Mr. Barber also appears to disagree with Justice Thomas for another reason. According to Mr. Barber, Justice Thomas “erred in his understanding of the historical record” by failing to recognize precisely how the legal landscape changed when the Fourteenth Amendment was adopted in 1868. Although it is true that, prior to the Fourteenth Amendment, the Bill of Rights did not apply to State or local governments, Mr. Barber maintains that “[i]t is the very heart of the Fourteenth Amendment to take that which had not applied to the states before and to apply it to them henceforth.” For this reason, according to Mr. Barber, Justice Thomas is simply wrong that the Establishment Clause does not apply to State and municipal governments.

Mr. Barber did not really offer any reasons supporting his claim that “[i]t is the very heart of the Fourteenth Amendment to take that which had not applied to the states before and to apply it to them henceforth.” If I am reading him right, what he means is that one of the core purposes of the Fourteenth Amendment was to apply the Bill of Rights against the States, and that this is such an obvious point that there is no room for argument. Thus, Justice Thomas is simply wrong to say that the Establishment Clause, which is part of the Bill of Rights, does not apply to the States.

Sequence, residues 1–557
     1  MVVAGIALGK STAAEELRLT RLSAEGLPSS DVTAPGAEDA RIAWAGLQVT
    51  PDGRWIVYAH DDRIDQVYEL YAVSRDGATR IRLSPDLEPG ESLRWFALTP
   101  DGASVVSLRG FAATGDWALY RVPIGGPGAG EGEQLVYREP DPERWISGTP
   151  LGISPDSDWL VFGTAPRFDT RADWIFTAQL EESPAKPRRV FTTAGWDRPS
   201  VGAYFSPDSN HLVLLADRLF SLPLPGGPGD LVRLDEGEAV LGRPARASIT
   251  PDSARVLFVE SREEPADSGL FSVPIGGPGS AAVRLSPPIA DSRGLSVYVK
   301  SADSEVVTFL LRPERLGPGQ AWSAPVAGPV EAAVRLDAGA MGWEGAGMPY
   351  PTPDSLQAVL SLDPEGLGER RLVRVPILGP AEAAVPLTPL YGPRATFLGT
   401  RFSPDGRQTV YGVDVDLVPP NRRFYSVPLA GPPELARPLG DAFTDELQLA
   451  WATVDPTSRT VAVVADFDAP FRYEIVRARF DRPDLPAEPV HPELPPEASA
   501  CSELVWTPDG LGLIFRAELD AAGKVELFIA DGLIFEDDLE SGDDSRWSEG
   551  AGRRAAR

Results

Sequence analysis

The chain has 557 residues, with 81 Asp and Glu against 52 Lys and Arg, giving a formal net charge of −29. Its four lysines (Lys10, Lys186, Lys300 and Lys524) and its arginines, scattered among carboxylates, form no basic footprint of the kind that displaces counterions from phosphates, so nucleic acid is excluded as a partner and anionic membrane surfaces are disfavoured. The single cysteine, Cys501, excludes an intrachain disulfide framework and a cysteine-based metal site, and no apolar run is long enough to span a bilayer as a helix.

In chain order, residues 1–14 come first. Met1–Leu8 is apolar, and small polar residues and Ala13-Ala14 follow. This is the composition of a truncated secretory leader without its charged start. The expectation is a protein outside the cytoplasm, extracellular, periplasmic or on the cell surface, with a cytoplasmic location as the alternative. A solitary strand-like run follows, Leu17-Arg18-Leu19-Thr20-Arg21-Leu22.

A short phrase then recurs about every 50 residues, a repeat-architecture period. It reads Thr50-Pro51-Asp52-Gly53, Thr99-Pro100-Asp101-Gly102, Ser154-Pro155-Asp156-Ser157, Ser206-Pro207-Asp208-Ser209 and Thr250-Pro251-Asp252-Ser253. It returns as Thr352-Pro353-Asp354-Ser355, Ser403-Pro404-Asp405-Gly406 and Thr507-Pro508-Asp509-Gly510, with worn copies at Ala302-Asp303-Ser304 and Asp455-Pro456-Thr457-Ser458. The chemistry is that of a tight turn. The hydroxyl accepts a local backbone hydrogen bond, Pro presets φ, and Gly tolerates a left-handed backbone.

In actuality, whether, and exactly how, the Fourteenth Amendment made the Bill of Rights enforceable against the States has been a highly debated question in Constitutional law. There is no need to recite the particulars of that debate here. Suffice it to say that the Supreme Court has never embraced the view that the Fourteenth Amendment applies the entire Bill of Rights against the States. The Supreme Court has, however, applied selective aspects of the Bill of Rights against the States, but it has also stated that other aspects of the Bill of Rights do not apply against the States.

This particular debate over the meaning of the Fourteenth Amendment and the Bill of Rights is not merely ancient or academic in nature; rather, it is still ongoing. In fact, the Supreme Court considered this exact issue in 2010 in the context of the Second Amendment, which, of course, is in the Bill of Rights. In 2010, the Supreme Court decided the case of McDonald v. Chicago, in which the Court considered—for the very first time—whether the Fourteenth Amendment made the Second Amendment enforceable against the States. In a 5-4 decision, the Supreme Court decided that it did.